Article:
Contract and sales laws pertaining to franchises are comparatively new. If the franchise involves the resale of goods or food, both the franchisor and franchisee will usually be liable under a breach of warranty if the food or other merchandize is not wholesome or proper from the consumer’s standpoint. However, tort liability to a third person is usually the responsibility of the franchisee alone. In a case where the franchisee’s truck struck  and negligently injured a pedestrian , the franchisor would normally have no responsibility.

My Consultancy–Asif J. Mir – Management Consultant–transforms organizations where people have the freedom to be creative, a place that brings out the best in everybody–an open, fair place where people have a sense that what they do matters. For details please visit www.asifjmir.com, and my Lectures.

 

View from the Top


Consider the chief executive’s perspective. When a CEO looks at the company, several features stand out most sharply. These are the traditional components of corporate structure: divisions, functional departments, strategic business units, and subsidiaries. They are the activities over which the chief executive has responsibility. They form the mental model the top leadership has of the business. Most companies take these components for granted as their basic subunits.

Unfortunately, these components cloud more than clarify the perspective most essential to the intelligent resizing of a company’s work.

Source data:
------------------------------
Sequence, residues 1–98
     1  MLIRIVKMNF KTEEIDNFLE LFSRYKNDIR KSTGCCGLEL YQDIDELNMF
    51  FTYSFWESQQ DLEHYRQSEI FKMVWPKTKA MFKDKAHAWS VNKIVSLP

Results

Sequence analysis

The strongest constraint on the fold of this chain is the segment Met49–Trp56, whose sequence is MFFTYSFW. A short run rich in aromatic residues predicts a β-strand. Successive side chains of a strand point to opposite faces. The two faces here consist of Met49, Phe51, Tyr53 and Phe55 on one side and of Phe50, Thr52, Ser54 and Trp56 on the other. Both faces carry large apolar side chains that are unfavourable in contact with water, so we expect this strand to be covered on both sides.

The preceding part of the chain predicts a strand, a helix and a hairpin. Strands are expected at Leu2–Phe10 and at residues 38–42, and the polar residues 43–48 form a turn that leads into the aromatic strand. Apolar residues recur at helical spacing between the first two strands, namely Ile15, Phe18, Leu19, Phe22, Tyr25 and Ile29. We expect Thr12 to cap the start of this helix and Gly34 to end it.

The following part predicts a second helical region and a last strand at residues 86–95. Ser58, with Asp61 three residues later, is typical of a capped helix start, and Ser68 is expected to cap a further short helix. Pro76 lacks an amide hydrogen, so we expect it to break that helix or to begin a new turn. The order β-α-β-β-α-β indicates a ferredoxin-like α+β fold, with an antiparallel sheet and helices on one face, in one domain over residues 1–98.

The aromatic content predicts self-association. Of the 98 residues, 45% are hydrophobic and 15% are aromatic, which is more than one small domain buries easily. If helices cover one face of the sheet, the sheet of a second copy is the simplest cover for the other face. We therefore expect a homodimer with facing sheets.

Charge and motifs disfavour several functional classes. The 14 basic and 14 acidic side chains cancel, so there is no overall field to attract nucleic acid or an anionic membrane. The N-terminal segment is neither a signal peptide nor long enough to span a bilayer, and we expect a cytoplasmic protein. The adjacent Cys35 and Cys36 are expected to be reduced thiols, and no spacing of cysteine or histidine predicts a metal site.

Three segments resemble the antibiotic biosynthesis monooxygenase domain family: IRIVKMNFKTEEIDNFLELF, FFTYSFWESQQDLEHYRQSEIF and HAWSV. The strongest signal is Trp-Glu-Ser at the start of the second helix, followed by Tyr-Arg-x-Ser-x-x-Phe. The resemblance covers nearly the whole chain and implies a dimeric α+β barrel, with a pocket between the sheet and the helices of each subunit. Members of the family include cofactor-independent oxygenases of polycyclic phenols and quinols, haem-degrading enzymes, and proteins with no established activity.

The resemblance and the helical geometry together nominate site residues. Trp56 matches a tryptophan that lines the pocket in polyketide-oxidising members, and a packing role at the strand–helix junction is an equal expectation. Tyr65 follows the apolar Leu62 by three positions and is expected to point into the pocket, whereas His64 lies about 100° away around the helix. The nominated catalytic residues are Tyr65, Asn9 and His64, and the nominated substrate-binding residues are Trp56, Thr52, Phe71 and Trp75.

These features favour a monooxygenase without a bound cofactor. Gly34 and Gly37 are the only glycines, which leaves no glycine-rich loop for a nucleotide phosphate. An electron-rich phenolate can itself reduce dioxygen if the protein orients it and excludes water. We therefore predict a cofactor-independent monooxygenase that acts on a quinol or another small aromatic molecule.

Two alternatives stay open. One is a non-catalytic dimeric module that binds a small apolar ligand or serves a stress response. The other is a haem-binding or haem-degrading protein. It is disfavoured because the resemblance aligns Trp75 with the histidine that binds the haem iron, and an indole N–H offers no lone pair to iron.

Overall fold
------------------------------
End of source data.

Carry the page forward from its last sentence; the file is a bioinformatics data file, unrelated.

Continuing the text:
When changes are made in a company’s strategy, or when changes outside its control make readjustment or retrenchment necessary, the lines and boxes on the company’s organization chart are also frequently shifted. These moves usually seem to make good sense at the time—from just following function, after all—but as the retrospective research indicates, moving the boxes and redrawing the lines do not always pay off.

This happens because, frequently, the wrong question is being asked. The search is usually for the “best” organizational configuration: flat, functional, divisional, matrix, or some hybrid. This issue, which eventually does need to be addressed, is premature if it is the first thing that comes to mind when considering the company as a whole. It diverts attention from careful consideration of the “functionality” that the “form” is being adapted to. It also makes the company susceptible to the management fad of the moment, so that a means because the goal: how can we flatten our structure, use cross-departmental teams, or become an information-based organization? These are all potentially useful tactics, but for what end?

This type of organization, driven from the top down, is one that deals with the structures for doing things, rather than the things that need doing. Its view of the boxes on the organization chart too often goes no deeper than the head count the boxes contain. This perspective is troublesome and can be misleading, but even more dangerous is the viewpoint provided by some contemporary forms of strategic planning.

My Consultancy–Asif J. Mir – Management Consultant–transforms organizations where people have the freedom to be creative, a place that brings out the best in everybody–an open, fair place where people have a sense that what they do matters. For details please visit www.asifjmir.com, and my Lectures.

Flatten your Organization


Flattening the organization means that each manager becomes responsible for more people. There is a limit to the number of people that one person can supervise, but this span of authority varies widely between jobs. Most people imagine that a manager can only handle a few subordinates. In reality, proper delegation allows you a surprisingly wide span, allowing a much flatter and leaner organization.